Straight Science? Homosexuality, Evolution and Adaptation

Straight Science? Homosexuality, Evolution and Adaptation

Straight Science? Homosexuality, Evolution and Adaptation

Straight Science? Homosexuality, Evolution and Adaptation

Synopsis

The paradox of the 'gay' gene and Darwin's ideas on successful reproduction have led the author to the interesting conundrum of the evolutionary usefulness and advantage to homosexuality. This provokes questions that few dare to consider or even ask.

Excerpt

At the risk of entirely blowing my credibility at the outset, let me start this speculative look at male homosexuality by saying that it is written by a straight researcher who is less interested in explaining homosexuality, or in passing comment on it as a lifestyle, than in the perspective of a theorist confronted with an enormous difficulty threatening the tidy order of his theoretical universe. Homosexuality is a major problem for those like myself who believe that Darwinism is the great unifying force which social theory, particularly psychology, so desperately needs for internal coherence. Unfortunately, few would agree and there are many challenges to a Darwinistic view of the social order. Perhaps one of the cleverest challenges to confront evolutionary theory is homosexuality. Homosexuality seems to be a tailor-made rebuttal of the great evolutionary credo-survival of the fittest. How do we explain what is often a lifelong preference for non-reproductive sex? Surely homosexuality defies evolutionary explanation?

This is a clever criticism. While far from being a life against nature, homosexuality seems to contradict the Darwinian logic of individual reproductive success. Yet any number of surveys tell us that there are many homosexuals, and history attests to homosexuality's antiquity. If homosexuality is 'futile' sex, why are gay men still with us? Despite the weight of a historical bad press, which sees homosexuality as a pathological inversion of normal heterosexuality, its continuance suggests it is an adaptive feature of evolution. What selective advantages might homosexuals enjoy? How is such a widespread social behaviour to be explained? In this book we set out to answer these and other questions from an evolutionary perspective. While many would argue that Darwinism adds little to our understanding of homosexuality, nevertheless, causation is an intriguing puzzle and, if a diverse gay literature is any guide, is often a source of confusion for homosexuals themselves. Apart from being a purely intellectual puzzle, these questions also touch on much broader issues about the nature of biosocial research.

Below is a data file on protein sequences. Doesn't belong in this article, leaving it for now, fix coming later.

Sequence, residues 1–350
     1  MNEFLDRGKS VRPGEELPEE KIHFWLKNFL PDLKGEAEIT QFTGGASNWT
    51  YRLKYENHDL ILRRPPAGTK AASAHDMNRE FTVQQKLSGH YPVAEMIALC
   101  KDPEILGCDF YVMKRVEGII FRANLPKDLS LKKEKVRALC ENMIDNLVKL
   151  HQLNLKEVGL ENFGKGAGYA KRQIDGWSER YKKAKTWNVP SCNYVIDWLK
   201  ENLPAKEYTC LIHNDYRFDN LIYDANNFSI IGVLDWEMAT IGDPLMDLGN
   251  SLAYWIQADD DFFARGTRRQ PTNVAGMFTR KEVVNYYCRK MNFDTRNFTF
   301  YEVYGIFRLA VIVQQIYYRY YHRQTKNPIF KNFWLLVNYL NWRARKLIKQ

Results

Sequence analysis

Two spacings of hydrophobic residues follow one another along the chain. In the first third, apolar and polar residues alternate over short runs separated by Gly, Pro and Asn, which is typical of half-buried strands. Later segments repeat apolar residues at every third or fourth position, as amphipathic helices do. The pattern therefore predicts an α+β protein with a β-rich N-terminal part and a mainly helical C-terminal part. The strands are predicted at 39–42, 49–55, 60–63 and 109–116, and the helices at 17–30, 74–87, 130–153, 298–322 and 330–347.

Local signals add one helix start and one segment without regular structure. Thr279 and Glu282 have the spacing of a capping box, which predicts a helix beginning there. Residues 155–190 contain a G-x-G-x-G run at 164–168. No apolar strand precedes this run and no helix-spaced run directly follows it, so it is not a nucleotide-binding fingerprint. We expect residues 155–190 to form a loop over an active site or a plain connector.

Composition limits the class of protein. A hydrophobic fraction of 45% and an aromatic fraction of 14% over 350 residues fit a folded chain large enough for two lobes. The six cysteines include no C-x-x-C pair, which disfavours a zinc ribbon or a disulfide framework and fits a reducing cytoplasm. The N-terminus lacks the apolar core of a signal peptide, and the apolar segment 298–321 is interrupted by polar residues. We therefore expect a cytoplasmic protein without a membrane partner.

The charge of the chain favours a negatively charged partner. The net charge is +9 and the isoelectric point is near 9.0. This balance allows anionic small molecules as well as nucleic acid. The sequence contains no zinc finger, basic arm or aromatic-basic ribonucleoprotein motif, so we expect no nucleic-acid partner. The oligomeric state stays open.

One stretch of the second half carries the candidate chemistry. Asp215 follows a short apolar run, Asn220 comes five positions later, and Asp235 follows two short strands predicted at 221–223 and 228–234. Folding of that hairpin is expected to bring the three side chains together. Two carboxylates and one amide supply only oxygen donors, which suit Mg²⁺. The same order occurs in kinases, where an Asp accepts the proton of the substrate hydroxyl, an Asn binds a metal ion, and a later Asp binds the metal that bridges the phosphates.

If the genesis of a book arises from dissatisfaction, mine was pro-

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